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Commission files complaint against Canelo Alvarez seeking disciplinary action

29
Mar

The odds of the rematch between Canelo Alvarez and Gennady Golovkin taking place as scheduled on May 5 in Las Vegas absorbed another damaging blow.

Nevada State Athletic Commission executive director Bob Bennett filed a formal complaint against Alvarez on Tuesday seeking relief for the Mexican star’s anti-doping violations last month. The eight-page complaint was signed and delivered Tuesday but was made public Thursday and subsequently obtained by THE RING.

Alvarez’s hearing before the five-member commission was originally slated for April 10 following the temporary suspension issued against him last week, but with the formal complaint now filed, THE RING’s middleweight champion will be able to present his argument on April 18.

“Alvarez’s utilization, ingestion and/or consumption of Clenbuterol, whether intentional or not, constitutes an an anti-doping violation,” Bennett wrote in the complaint. “By his administration or use of Clenbuterol, and/or by allowing Clenbuterol to enter his system, Alvarez engaged in conduct that reflected discredit to unarmed combat and he is guilty of foul or unsportsmanlike conduct that was detrimental to a contest.”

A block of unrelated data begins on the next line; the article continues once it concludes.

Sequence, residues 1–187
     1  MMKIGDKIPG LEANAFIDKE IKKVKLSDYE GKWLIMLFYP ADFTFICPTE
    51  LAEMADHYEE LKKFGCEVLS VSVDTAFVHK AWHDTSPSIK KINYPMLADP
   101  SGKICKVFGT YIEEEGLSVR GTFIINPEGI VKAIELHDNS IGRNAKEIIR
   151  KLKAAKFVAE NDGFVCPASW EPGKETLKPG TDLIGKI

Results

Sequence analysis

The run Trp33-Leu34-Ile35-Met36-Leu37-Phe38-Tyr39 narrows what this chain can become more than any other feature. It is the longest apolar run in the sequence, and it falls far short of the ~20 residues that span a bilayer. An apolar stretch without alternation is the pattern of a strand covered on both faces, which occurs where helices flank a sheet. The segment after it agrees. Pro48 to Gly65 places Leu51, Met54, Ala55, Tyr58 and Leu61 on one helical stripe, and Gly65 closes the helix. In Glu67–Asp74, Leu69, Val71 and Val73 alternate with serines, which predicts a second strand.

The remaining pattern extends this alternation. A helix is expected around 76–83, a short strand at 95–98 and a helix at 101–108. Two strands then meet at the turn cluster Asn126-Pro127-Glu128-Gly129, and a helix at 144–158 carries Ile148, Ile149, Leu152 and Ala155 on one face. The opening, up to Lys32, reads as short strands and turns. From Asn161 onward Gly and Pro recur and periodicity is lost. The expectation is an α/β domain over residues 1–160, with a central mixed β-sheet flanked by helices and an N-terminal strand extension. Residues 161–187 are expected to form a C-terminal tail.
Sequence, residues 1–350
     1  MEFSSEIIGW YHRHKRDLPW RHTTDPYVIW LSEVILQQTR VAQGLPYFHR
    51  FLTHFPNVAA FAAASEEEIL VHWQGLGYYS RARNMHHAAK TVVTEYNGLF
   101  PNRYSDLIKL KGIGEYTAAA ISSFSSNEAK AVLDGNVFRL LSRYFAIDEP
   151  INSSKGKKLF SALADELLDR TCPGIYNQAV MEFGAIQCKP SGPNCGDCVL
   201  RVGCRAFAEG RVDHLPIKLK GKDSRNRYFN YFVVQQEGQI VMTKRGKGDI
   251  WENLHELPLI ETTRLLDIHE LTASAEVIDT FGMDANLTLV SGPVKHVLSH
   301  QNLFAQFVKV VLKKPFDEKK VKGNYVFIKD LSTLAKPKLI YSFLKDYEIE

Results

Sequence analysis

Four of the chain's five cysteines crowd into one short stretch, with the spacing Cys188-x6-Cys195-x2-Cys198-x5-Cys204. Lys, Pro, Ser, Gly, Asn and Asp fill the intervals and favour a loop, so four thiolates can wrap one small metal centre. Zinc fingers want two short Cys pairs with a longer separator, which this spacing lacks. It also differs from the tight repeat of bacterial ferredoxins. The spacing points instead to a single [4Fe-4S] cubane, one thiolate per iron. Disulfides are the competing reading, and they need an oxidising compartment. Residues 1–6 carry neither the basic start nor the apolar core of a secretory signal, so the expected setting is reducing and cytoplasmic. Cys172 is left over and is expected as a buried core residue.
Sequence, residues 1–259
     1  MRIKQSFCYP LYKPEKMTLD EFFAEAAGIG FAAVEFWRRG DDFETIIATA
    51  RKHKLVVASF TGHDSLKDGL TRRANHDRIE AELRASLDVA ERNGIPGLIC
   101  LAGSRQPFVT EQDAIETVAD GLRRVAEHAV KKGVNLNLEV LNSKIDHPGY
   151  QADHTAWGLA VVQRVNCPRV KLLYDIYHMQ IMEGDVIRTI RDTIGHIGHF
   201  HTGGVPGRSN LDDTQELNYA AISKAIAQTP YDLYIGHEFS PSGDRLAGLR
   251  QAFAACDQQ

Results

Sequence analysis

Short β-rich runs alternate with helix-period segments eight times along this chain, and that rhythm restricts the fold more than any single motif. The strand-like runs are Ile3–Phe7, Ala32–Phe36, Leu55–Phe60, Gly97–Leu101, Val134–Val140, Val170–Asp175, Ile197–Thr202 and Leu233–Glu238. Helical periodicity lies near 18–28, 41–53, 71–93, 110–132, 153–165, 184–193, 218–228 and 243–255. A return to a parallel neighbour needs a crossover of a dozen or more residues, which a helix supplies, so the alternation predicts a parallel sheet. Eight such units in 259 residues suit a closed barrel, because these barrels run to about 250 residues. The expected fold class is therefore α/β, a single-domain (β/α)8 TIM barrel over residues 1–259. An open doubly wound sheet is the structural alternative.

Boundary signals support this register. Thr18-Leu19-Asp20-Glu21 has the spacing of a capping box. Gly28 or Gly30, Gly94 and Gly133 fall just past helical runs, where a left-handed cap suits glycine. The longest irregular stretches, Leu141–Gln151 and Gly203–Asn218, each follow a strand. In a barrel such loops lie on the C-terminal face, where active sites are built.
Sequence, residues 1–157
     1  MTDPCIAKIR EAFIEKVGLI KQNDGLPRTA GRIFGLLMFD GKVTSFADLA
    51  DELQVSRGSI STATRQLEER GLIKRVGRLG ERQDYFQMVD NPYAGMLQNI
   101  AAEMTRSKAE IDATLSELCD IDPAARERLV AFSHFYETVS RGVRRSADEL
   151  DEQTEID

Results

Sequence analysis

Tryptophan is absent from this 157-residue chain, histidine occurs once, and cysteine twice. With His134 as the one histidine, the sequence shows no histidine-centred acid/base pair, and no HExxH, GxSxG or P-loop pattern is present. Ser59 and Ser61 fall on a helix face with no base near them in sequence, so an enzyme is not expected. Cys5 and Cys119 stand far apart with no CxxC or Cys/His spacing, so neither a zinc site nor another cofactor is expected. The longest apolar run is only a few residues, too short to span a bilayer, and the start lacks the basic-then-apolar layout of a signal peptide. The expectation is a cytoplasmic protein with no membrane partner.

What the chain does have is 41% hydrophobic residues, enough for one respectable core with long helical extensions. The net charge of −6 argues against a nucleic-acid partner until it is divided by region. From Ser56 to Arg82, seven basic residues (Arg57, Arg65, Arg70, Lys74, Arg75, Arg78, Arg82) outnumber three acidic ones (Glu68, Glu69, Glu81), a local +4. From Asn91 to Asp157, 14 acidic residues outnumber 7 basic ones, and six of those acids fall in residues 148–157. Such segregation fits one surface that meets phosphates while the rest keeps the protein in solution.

The wording allows little wiggle room for Alvarez’s claim that the positive test results for the anabolic agent on both February 17 and February 20 were due to tainted meat consumed in Guadalajara, Mexico. Numerous fighters from Mexico — including Erik Morales, Luis Nery and Francisco Vargas — have attributed positive drug tests to tainted meat. Farmers in Mexico often inject the cattle with Clenbuterol since it helps reduce fat and increase lean muscle mass.

The practice is banned in the U.S., but it’s become a serious issue south of the border, and in 2016, the NFL even issued an advisory against consuming meat there. However, it’s clear Nevada is placing the onus on the athlete to ensure what enters his body, whether they’re doping or not.

Alvarez (49-1-2, 34 knockouts) faces a one-year suspension for his first-time offense, but the commission could slash his suspension in half, and since any suspension would be retroactive due to the violation date, a six-month ban would pave the way for Canelo and GGG to meet on Mexican Independence Day Weekend on September 15. The fighters battled to a spirited but controversial draw on that holiday weekend last year.

If the commission institutes a suspension next month, scraping the bout, Golovkin (37-0-1, 33 knockouts) has maintained he still plans to fight on May 5.

 

Mike Coppinger is the Senior Writer for RingTV.com. Follow him on Twitter: @MikeCoppinger